A new Pew Research Center survey analyzes Latinos' political views ahead of the midterm elections.
CNN  — 

While more Latinos say Democrats work hard to earn their votes than Republicans, about half of them don’t see a “great deal of difference” in what the two political parties stand for, a new poll shows.

A Pew Research Center survey, published Thursday, analyzes Latinos’ political views and the issues they consider of most importance in the midterm elections.

The survey was conducted in August among a randomly selected sample of 3,029 Latino adults, the center said.

Overall, 71% of Latino respondents said the statement that the Democratic Party “works hard to earn” Latinos’ votes describes their views at least somewhat well, compared to 45% of Latinos who said the same about the GOP, the survey found.

A significant share – between 42% and 48% – of Latinos in certain groups said the statement “Democrats work hard to earn Latinos’ votes” described their views very or extremely well. Those groups were immigrants, Spanish-dominant Latinos, Catholics, and evangelical Protestants as well as Latinos ages 50 to 64, and ages 65 or older, the survey shows.

Most Latinos, the survey shows, have a positive assessment of Democrats, but about a third of respondents said they don’t believe the Democratic party represents their interests or really cares about Latinos.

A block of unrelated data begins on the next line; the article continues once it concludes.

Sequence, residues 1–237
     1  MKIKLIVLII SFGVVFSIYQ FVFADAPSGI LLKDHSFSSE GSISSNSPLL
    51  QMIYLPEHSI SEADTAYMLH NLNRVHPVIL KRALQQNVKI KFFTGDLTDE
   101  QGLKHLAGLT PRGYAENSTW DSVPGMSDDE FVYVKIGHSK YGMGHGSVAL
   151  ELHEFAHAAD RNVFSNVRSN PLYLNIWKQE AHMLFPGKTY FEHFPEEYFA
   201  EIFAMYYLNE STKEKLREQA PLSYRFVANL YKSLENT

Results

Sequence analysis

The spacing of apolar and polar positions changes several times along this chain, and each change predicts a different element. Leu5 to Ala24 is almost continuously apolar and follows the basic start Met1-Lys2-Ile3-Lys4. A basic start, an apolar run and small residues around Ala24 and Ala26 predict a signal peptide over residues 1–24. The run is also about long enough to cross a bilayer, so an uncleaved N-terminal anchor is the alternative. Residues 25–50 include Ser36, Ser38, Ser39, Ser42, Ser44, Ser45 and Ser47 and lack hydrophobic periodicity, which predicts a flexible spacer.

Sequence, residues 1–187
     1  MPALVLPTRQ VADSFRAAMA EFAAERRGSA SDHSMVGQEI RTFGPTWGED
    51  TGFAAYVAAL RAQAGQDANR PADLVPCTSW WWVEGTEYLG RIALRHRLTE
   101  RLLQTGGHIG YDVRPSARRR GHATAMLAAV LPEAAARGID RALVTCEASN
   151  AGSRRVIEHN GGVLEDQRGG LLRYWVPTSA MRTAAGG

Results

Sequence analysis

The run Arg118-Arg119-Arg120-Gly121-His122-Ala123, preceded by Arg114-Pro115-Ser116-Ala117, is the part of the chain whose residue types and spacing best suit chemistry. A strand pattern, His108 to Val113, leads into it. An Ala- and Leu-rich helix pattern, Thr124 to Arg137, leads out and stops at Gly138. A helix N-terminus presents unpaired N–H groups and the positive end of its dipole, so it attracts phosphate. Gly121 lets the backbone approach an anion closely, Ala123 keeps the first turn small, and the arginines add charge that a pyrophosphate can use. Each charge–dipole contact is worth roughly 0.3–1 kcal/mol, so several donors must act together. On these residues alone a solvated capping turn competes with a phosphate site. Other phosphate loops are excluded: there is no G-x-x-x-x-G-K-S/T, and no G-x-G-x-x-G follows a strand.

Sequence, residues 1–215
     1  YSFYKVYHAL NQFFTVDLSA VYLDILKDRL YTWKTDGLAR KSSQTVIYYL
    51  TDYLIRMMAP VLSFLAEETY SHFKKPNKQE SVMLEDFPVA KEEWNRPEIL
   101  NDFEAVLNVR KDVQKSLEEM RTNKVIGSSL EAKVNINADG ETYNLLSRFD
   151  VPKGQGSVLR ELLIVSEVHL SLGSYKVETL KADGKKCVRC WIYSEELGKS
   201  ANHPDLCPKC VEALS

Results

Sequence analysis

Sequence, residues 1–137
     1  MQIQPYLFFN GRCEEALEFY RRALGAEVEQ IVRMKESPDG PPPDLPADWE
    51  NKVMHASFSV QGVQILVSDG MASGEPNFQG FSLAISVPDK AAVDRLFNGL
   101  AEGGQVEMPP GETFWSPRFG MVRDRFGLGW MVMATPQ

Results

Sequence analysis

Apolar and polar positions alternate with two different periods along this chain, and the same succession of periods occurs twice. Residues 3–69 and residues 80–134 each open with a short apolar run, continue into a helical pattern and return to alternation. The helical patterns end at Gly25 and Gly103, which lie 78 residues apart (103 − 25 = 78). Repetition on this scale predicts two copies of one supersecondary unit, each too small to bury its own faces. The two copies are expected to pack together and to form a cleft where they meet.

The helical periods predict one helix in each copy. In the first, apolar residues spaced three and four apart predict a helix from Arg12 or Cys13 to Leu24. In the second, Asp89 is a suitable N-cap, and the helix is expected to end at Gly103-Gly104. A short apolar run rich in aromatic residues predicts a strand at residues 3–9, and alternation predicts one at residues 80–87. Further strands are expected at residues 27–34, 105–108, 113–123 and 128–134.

When asked for their opinion about Republicans, 63% of respondents said they do not believe the GOP really cares about Latinos, the survey said.

Researchers also analyzed the respondents’ family origins and found that those who identify as Mexican, Puerto Rican, Central American and South American were more likely to say that Democrats represent their interests well than to say the same of Republicans. Meanwhile, Cubans were split on their assessment of Democrats and Republicans.

Since the 2020 election, the idea of a rising number of Latino Republican voters has dominated headlines and the victory of Republican Mayra Flores in the special election for Texas’ 34th Congressional District in June brought renewed attention to the issue.

But the survey shows the party affiliation of Latinos has not significantly changed in recent years, said Jens Manuel Krogstad, a senior writer and editor at the Pew Research Center and lead author of the report.

About 64% of Latino registered voters said they identified with or lean toward the Democratic Party and 33% identified with the Republican Party. Researc